Writing software is an act of performance

Performing music is different than composing. It’s a matter of execution and playing the notes right. Everybody knows talent isn’t enough. It takes years of exercise to master an instrument completely. Practice makes perfect. You also need to be able to perform as a team, listen to each other and be in tune.

Although playing music is about creating something, the amount of creativity required for performing music is less than for composing. Plenty of people, even professionals, play music and do it very well without creating something entirely new. They read the score, interpret the composition and produce what others have imagined and written down before. They may even do it with a quality and precision that exceeds that of the composer.

Developing software is comparable to performing music. It requires technical know-how and mastery of tools to produce the intended design effectively and efficiently. Unless you are able to get all the details right at once, you will benefit from approaching development in an iterative way. Coding is rehearsing. Great programmers don’t just write code. Like good musicians, they interpret the design and augment it.

Some people master both composition and performance. Singer/songwriters and jazz musicians are good examples from the world of music. Designers that know how to code and programmers with design skills are a similar kind of breed. It’s not a necessity for an individual to have all of these skills, but both sides are needed to deliver the end result. The exact mix determines the style. Traditional development processes can be compared to classical music. The complete analysis and design of the software is done before development starts. Lean and agile methodologies are more comparable to jazz. Designers no longer provide a detailed up-front description of the software to build. Instead, they establish a vision and a structure that leaves room for developers to improvise.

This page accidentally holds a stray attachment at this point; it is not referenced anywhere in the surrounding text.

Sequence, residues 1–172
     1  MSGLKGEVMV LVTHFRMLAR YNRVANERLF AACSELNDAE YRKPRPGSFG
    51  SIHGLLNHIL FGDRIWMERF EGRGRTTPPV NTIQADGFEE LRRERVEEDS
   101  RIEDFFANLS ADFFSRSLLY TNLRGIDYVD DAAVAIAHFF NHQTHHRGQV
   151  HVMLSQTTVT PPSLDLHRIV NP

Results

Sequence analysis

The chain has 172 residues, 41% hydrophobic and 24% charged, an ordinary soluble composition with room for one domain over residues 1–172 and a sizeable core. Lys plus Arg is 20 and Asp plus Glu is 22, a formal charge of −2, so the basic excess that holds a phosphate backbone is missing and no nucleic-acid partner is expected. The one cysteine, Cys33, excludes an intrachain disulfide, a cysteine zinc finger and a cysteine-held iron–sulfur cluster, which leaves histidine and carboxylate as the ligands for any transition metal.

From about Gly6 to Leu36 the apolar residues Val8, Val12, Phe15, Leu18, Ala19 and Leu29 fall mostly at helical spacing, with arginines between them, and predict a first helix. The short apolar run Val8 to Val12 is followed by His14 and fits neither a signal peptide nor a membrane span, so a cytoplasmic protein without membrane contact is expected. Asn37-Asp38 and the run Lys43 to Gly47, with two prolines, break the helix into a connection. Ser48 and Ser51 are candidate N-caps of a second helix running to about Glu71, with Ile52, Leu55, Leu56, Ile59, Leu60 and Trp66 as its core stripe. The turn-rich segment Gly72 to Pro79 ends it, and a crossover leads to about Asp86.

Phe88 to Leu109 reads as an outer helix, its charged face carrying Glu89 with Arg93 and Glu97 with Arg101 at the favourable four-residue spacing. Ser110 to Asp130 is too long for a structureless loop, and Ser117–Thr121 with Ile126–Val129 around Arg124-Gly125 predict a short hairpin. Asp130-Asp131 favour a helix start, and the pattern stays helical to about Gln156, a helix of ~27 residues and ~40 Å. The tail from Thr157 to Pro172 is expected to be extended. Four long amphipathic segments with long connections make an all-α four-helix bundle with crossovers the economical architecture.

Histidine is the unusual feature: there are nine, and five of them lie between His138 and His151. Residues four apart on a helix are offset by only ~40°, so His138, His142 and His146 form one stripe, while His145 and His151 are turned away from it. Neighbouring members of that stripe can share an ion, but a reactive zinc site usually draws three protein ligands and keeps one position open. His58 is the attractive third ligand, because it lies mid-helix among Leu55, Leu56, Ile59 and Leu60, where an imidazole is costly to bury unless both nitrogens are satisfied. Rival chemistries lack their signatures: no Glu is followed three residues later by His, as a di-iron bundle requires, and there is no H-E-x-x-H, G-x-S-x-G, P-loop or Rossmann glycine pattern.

In order to deliver better digital products and services, those involved in the creation of software need to understand and appreciate the difference between composition and performance. The focus, skills and approach of these activities are different. Not everyone can be good at both, which is why we need to complement each other through cross-functional collaboration.

The style of your process, traditional or agile, influences the balance between composition and performance. Traditional processes have a clear separation between these activities. Agile processes leave more room for improvisation during performance.

In the end, both software and music are about people. Musicians as well as software creators aim to provide their audience a great experience. The experience takes place when listening to or using the end product. As software developers we need to focus more on the end experience it evokes with people.

Thanks for reading. I’m not sure how this article would sound, but here’s an idea: